First Time Out Checking My Trail Cameras - Spring 2014

Bull Elk on Browning Recon Force XR trail camera photo.

Here's a bull elk about ready to start growing his antlers. This was taken with a Recon Force XR (BTC-2XR) trail camera. Click on the image to download the full size original JPG this trail camera captured.


Recon Force XR trail camera on tree

Browning Recon Force XR (BTC-2XR) trail camera.


Elk on Recon Force XR trail camera

Here's a cow and a yearling bull starting to grow his first antlers. This was taken with a Recon Force XR (BTC-2XR) trail camera. Click on the image to download the full size original JPG this trail camera captured.


Recon Force XR trail camera, Recon Force trail camera, battery pack and tree mounts

On this clump of small trees I strapped on a Recon Force XR (BTC-2XR) trail camera, a Recon Force (BTC-2) trail camera, and a battery pack. To get the cameras pointed in the right direction I use Browning Tree Mounts.

This location saw a lot of activity last year so I wanted to double up the cameras in hopes of catching more of the action there. One camera just can't cover this spring well enough.


Browning Recon Force XR (BTC-2XR) trail camera with battery pack

This location at times saw a lot of activity last year. To keep the camera taking video as long as possible, I have a micro sized Strike Force (BTC-5) trail camera with an external battery pack attached. I also have a 32 Gig SDHC memory card in the camera. As long as the bears don't tear down the camera this camera should have plenty of battery and memory to keep taking videos until I return to check it.


I picked up a couple newer 2014 models of trail cameras this year. I put them out on the mountain back in April when I was out hunting for shed antlers with my boys. For weeks now I have been wondering what might be passing by the cameras. With it being so early in the year I knew that there probably weren't a ton of critters in that high area on the mountain however I was hoping to possibly catch a glimpse of a black bear.

This time up the mountain I brought all my trail cameras that I pulled from the river bottom where I had them out all winter and early spring. I moved all the cameras around this trip out.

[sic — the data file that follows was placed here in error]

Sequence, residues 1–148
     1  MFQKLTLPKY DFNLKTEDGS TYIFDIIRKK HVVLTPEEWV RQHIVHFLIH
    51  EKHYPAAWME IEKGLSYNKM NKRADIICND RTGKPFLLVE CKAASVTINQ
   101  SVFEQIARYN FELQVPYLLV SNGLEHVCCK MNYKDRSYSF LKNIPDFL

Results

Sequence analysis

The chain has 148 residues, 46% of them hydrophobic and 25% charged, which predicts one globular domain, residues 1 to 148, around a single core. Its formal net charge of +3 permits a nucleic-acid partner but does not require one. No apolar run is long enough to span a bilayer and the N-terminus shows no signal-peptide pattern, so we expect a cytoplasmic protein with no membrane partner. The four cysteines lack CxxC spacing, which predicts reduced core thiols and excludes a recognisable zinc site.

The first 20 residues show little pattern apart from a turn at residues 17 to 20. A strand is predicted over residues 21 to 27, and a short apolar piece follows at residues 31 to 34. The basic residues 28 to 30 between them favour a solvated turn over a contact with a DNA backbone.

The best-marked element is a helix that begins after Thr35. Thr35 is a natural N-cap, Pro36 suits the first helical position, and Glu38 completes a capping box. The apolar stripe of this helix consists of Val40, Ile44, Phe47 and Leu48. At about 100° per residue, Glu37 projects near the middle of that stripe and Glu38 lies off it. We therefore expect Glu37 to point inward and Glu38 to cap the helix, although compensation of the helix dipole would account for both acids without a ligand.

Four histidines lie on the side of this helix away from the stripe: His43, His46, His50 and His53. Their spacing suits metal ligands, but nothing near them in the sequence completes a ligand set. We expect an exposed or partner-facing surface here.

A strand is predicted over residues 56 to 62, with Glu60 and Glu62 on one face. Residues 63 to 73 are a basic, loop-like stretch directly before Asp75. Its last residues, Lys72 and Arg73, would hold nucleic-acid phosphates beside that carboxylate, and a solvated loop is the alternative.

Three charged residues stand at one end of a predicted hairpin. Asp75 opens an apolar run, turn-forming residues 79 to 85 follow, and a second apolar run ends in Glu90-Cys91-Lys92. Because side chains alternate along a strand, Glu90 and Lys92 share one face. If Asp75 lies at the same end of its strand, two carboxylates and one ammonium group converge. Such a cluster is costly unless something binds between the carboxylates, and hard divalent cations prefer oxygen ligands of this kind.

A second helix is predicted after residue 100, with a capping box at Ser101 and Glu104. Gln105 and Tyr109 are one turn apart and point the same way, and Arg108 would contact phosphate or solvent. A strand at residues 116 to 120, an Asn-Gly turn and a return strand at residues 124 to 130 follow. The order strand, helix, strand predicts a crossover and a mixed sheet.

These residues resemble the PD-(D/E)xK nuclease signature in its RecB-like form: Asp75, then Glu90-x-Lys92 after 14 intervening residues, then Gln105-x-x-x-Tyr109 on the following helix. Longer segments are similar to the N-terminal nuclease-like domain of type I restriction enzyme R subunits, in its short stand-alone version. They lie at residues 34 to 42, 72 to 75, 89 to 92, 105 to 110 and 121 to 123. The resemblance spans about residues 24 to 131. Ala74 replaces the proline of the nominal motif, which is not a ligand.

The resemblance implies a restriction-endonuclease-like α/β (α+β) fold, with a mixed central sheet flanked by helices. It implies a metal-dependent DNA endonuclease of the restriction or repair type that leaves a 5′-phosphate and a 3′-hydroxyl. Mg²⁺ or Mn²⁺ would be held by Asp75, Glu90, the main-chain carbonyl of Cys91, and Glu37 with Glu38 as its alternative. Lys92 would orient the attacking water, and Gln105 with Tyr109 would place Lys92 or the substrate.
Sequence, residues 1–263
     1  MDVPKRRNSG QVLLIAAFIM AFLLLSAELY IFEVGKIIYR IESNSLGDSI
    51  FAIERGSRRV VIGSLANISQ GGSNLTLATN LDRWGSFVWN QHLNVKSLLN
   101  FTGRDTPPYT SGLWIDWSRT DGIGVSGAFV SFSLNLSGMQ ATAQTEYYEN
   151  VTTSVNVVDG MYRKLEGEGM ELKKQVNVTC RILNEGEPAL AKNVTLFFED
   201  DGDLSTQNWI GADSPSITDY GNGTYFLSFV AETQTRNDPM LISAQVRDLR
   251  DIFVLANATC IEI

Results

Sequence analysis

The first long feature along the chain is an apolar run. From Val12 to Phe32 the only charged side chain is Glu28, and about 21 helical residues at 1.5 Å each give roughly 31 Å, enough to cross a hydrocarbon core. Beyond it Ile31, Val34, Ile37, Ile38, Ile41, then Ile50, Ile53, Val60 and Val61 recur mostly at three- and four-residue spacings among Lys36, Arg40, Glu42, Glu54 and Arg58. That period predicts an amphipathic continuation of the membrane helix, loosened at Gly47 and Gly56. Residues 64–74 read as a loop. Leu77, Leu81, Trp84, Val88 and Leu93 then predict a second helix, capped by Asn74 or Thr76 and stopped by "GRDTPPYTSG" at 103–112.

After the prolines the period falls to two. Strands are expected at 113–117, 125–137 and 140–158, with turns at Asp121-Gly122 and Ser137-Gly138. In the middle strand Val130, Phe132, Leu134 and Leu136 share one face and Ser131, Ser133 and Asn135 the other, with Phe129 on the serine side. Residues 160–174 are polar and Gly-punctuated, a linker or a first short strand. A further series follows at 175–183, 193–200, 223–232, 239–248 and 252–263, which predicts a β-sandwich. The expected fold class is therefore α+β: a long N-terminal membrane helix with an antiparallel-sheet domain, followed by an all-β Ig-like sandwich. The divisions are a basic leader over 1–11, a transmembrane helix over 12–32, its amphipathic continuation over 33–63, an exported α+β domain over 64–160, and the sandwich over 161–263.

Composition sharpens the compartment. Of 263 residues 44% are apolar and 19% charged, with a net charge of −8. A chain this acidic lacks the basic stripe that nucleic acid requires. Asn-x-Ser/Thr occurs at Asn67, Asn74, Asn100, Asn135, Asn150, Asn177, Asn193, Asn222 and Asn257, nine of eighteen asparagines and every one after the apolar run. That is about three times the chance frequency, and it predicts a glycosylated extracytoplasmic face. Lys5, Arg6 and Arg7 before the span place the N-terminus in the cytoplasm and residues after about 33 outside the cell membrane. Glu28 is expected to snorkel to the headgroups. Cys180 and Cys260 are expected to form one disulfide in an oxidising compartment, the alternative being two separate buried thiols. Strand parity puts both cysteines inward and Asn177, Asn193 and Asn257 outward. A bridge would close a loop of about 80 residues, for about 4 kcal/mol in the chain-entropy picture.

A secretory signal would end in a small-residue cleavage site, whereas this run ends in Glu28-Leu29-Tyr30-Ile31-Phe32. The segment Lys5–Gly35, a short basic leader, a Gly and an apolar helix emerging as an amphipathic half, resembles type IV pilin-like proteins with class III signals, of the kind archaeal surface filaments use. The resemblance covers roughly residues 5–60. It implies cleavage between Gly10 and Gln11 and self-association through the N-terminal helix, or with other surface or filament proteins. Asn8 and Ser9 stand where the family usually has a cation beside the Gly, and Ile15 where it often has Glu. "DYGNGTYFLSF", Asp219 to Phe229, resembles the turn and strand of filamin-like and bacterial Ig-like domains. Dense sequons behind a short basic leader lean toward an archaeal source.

I placed cameras in my favorite spots from last year and with the additional new cameras I am experimenting with some other locations to see how active they are and what might pass in those locations.

One thing I am doing a little different this year is I am purchasing 32 Gig SDHC memory cards. I primarily like to set the cameras on video mode and last year there were a few times that in less than two weeks I would have full cards using 16 and 8 gig cards. Not wanting to miss any of the action I am working on getting the largest capacity SD cards.

Well after reviewing the images and video I didn't get anything super exciting but there are a few critters starting to move into the area. There's a few coyotes, lots of mule deer and elk in the area. Antlers are just starting to grow and no sign of bears, fawns and calf elk yet. Next trip out I should start seeing some fawns and calves I would believe.

It was pretty funny to watch a couple doe mule deer detect my scent on the camera from the day before when I put the camera out. You can check out some of that footage below.

Some bull elk pass by my Strike Force trail camera. The one bull stops and turns to look back. It is pretty cool to see the moisture of his breath in the air.

A coyote happens to look over and notice the red cluster of IR lights illuminated on the camera. The light they make is invisible but if you are looking directly at the camera you can see a faint red IR LED light dots. I prefer this spectrum of IR lighting over the Black Flash spectrum as it has greater illumination distance and I like that some animals take notice and are curious and investigate the little red LEDs.

The Black Flash cameras like my Spec Ops (BTC-3) trail camera work great they just don't have the flash distance of my trail cameras with the light red LEDs showing when they flash.


Additional information